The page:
The Economics of Cybercrime, from the Criminal’s Perspective

Sue Marquette Poremba
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Often when we talk about cybercrime and cybercriminals, we discuss how much money is being made by the bad guys or how valuable your information is on the black market. But have we thought much about the real economics behind cybercrime?

Researchers at Palo Alto Networks and Ponemon Institute decided to investigate that question. The report “Flipping the Economics of Attacks” looked at issues such as the average earnings of a cyberattacker, the amount of time attacks typically take, and how to prevent successful data breaches by increasing the cost of conducting them.

The takeaway may be this: Cybercrime doesn’t pay – at least not as much as we think – from the cybercriminal perspective. As the report discovered, cybercriminals would be better off turning their knowledge toward white hat activities. The average cybercriminal earns less than $30,000 annually, about a quarter of a cybersecurity professional’s average yearly wage.


And since I’m pulling out clichés, here is another that can be used with this study: Time is money. The study found that:

The longer an organization can keep the attacker from executing a successful attack, the stronger its ability to safeguard its sensitive and confidential information. The inflection point for deterring the majority of attacks is less than two days (40 hours) resulting in more than 60 percent of all attackers moving on to another target.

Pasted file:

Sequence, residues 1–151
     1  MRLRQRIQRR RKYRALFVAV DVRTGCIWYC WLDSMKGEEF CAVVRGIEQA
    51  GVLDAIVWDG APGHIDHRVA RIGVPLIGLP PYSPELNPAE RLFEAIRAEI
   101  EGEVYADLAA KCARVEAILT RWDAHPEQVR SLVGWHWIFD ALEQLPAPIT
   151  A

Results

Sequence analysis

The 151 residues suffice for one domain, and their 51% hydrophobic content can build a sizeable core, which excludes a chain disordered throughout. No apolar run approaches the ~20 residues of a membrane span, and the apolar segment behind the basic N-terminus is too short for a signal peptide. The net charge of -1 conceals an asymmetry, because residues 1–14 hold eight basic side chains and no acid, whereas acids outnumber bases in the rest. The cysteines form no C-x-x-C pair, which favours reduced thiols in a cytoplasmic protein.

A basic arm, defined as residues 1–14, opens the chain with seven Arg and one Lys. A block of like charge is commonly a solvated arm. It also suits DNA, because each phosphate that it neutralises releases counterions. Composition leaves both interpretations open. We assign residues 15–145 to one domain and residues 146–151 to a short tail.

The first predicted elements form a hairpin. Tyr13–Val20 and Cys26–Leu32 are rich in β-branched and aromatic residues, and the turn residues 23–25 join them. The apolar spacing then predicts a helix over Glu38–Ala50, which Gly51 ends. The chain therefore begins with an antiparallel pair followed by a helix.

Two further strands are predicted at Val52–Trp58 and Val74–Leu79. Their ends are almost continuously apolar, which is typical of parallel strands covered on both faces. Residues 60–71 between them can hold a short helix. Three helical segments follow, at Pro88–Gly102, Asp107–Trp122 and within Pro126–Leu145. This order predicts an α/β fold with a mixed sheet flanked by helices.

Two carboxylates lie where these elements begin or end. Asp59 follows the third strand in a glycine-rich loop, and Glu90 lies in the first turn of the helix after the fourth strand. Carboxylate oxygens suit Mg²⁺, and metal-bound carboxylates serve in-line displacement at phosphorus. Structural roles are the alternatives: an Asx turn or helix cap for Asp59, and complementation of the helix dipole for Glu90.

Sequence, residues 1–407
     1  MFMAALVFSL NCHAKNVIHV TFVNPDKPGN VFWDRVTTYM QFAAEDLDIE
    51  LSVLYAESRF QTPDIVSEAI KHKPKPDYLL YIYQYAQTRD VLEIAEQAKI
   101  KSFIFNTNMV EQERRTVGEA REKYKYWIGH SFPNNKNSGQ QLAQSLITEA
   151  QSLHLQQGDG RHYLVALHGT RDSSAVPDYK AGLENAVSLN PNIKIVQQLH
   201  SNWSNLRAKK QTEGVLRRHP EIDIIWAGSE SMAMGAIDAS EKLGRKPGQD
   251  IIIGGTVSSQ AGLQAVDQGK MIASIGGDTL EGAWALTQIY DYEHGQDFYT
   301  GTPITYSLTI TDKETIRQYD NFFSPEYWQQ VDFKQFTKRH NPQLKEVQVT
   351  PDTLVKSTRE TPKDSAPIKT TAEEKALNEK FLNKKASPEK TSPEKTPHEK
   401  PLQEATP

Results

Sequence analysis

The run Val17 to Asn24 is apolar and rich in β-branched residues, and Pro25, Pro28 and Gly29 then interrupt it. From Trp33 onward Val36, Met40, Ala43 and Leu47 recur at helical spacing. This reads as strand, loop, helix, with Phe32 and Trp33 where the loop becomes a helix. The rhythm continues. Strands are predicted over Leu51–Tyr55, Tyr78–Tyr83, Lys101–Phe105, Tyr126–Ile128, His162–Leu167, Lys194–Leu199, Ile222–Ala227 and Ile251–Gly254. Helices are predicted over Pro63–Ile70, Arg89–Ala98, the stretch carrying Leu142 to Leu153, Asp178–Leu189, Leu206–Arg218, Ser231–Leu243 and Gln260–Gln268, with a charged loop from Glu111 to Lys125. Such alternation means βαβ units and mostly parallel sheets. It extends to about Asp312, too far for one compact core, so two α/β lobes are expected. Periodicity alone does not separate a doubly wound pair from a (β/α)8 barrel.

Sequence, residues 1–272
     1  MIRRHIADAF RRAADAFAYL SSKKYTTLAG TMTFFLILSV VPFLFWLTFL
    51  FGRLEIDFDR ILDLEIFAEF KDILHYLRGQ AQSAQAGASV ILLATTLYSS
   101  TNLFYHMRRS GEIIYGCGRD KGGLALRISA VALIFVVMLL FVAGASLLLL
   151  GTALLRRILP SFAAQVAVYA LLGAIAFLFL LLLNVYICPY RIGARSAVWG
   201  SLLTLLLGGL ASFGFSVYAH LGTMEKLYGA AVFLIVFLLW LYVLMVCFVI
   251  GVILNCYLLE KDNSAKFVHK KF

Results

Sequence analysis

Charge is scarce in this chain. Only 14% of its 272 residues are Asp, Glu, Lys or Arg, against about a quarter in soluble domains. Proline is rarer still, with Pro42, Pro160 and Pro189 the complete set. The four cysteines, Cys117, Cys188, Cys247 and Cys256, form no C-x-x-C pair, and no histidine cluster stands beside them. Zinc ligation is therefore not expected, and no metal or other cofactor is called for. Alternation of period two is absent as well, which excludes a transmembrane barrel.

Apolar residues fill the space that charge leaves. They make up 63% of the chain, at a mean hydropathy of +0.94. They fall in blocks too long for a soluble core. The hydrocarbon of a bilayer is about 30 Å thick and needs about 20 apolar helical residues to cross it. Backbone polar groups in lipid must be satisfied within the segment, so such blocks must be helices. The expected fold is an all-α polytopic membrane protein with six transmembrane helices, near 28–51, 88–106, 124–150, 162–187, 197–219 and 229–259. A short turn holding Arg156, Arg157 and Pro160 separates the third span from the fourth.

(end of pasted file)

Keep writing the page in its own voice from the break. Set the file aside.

Cybercriminals go after easy targets, as 73 percent of the respondents said they search for easy, “cheap” targets. Seventy-two percent of survey respondents said they won’t waste time on an attack that will not quickly yield high-value information, and attackers will give up and move on to another target after spending approximately a week (209 hours) without success. As Dr. Larry Ponemon, chairman and founder, Ponemon Institute, said in a formal statement:

The survey illustrates the importance of threat prevention. By adopting next-generation security technologies and a breach prevention philosophy, organizations can lower the return on investment an adversary can expect from a cyberattack by such a degree that they abandon the attack before it’s completed.

Benjamin Franklin is credited with the theorem “an ounce of prevention is worth a pound of cure.” It certainly fits this idea of a preventive approach to cybersecurity – if the tools and systems are in place that discourage the bad guys and make it harder to enter your network, they may just go away because they’ll find that it just isn’t economically worth their while.

Sue Marquette Poremba has been writing about network security since 2008. In addition to her coverage of security issues for IT Business Edge, her security articles have been published at various sites such as Forbes, Midsize Insider and Tom's Guide. You can reach Sue via Twitter: @sueporemba.



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